The Dubai Lynx awards were launched in 2007 and have since evolved into an increasingly popular event on the international festival circuit. In tandem, the creative output of the MENA region has blossomed, proving its worth on the world stage and showcasing a distinctive blend of insight, vitality and humour. This year's event gathers together the best advertising minds in the region to discuss change at a global and local level. LBB's Laura Swinton caught up with Philip Thomas to find out more.
LBB> How do you think the presence of a festival like Dubai Lynx in MENA has influenced creativity within the region?
PT> It’s an interesting question because it has been a catalyst. We launched Dubai Lynx in 2007 and then it became a festival in 2008. The purpose of these events is to improve creativity and bring rigour to awards in the region. There were awards but they weren’t so respected. You need to get to the situation where you’re bringing international judges in who are having a rigorous debate about the work. If you look at results from Cannes, before Lynx came along, really the Middle East won virtually nothing. Now you have a situation where the Middle East is walking away with numerous Lions. You have Tunisia winning, Lebanon winning, Egypt winning, the UAE, Abu Dhabi, as well as Dubai. So there’s a really interesting movement going on. I’m sure you could say that some of that is due to factors other than Dubai Lynx, but we know that a lot of it is down to us, because the work is winning at Lynx and then winning at Cannes. It’s been a remarkable journey to see winners from Tunisia, Egypt, places like that. It’s really gratifying.
LBB> Since being involved in Dubai Lynx, have you learnt or seen anything that has surprised you personally?
PT> I think the speed with which that region has got on the map globally is remarkable. If you look at some of the work coming out of Lebanon and Egypt, it is of a very high standard and has deep cultural resonances. Some of the Egyptian work is fantastic – it’s hilarious, Egyptians are known for their sense of humour. That richness of culture comes through at Cannes because it comes from a really true place. The speed of the improvement has been amazing, especially at agencies like Leo Burnett Lebanon and Ogilvy Tunisia which have done some amazing work.
LBB> What's new for Dubai Lynx 2013?
PT> Branded Entertainment is a new category, which has done pretty well. We’ve just announced that we’ve had a record number of entries across the festival, which is nice because we had a big drop after the financial crisis. The Middle East had a really hard time. It’s not been a huge growth year-on-year but enough to get us to the biggest volume of entries ever. And that’s despite places like Tunisia which had a really big drop – Tunisia has pretty much disappeared this year.
So we’ve got one new category and at the festival itself we’ve got a number of training or academy opportunities, which we think is really important. It’s a key part of what we do, not only at Dubai Lynx but at our other festivals too. We’ve got JWT Think Tank, a creative academy, we’ve got the ‘Marketers’s Academy’, a Digital Academy. We try to bring learning and education to the Lynx as well.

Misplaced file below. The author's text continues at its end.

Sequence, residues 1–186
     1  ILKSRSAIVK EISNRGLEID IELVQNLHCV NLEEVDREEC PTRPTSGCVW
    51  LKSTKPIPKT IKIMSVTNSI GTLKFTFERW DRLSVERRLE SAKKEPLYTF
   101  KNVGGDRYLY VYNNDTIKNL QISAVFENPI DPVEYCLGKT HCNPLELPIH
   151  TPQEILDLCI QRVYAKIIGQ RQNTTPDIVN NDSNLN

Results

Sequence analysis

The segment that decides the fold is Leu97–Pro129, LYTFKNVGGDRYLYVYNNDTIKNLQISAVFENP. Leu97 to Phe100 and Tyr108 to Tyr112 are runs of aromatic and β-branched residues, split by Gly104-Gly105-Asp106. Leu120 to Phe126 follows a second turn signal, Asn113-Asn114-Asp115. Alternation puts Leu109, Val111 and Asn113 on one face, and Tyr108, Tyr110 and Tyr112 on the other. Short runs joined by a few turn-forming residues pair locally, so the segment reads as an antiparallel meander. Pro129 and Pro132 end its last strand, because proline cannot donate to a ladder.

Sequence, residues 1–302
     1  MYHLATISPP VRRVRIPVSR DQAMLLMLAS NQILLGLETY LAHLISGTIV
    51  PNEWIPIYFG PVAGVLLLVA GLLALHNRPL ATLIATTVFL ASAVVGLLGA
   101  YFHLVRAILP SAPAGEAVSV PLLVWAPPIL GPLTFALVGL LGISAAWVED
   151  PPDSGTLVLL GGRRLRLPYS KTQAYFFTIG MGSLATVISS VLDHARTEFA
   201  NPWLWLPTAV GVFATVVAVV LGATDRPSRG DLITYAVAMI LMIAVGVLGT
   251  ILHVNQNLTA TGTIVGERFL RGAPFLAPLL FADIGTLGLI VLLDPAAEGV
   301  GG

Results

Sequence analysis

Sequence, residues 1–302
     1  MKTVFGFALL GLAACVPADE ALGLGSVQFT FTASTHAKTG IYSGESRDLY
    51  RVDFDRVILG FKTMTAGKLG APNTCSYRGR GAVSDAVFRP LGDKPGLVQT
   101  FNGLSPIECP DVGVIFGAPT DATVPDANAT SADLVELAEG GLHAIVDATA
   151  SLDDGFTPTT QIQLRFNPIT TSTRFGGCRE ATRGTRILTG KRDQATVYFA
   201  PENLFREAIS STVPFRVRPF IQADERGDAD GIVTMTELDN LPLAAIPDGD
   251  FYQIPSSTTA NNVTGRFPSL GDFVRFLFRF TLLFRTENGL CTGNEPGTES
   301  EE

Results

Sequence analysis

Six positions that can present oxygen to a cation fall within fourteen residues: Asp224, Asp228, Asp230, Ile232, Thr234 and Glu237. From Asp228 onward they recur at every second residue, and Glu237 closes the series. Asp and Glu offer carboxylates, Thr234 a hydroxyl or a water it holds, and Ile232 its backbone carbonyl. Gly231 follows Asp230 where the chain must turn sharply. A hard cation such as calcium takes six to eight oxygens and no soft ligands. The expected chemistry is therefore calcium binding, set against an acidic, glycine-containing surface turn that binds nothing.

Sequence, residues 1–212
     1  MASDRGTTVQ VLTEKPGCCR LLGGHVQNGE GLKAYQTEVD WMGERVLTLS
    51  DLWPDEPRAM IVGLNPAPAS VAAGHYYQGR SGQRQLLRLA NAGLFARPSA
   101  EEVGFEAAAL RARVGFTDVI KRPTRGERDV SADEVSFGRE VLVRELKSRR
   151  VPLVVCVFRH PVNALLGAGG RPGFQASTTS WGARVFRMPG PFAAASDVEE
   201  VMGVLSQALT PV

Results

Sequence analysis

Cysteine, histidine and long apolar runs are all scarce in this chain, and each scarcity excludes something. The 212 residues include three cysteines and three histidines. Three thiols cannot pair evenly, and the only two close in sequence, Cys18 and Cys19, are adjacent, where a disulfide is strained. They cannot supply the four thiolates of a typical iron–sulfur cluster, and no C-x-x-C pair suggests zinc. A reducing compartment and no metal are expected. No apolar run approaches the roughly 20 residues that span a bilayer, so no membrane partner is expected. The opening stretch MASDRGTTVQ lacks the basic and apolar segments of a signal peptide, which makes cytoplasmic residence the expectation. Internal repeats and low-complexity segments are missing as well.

LBB> Looking at the schedule, while there are lots of speakers dealing with universal industry issues, you’ve also got some very region-specific sessions. Things like ‘Creativity in a Conservative Society’, ‘Women and the Internet’ and ‘Developing an Arabic Brand Identity. How do you go about putting together a programme like this and deciding which region-specific conversations to tap into, some of which might be quite tricky?
PT> We talk to delegates and really what they say is the same as at Eurobest or Spikes. They say they’d like a mixture. “We want to see global superstars talking, especially for the creative side of the industry, but actually we have some really issues and really specific challenges here in this region that nobody else understands and we need to address." Some of the talks at Lynx are approaching some really difficult subjects– how can you persuade your client to be braver in a very conservative society? How can we be more creative in this society? Nobody is pretending that the Middle East is a completely free, democratic area – agencies have challenges there that other countries don’t have. They want to discuss these issues, but at the same time they don’t want them to dominate. They also want to learn from other parts of the world.
LBB> Roy Haddad is Advertising Person of the Year – why is this the year for him to take to the stage and receive this honour?
PT> Really the criteria is very simple. Has this individual made a personal and measurable impact on the quality of creative in the region? Roy has! With the work he has done over many years, and more recently with his agencies within the region. He’s a big character within the MENA; he’s a famous ad guy, very passionate about creative and very passionate about what we try to do with the festival, which is to improve quality of creativity. He’s used his position to make the work better with clients. He was a really clear choice, just as Raja was last year.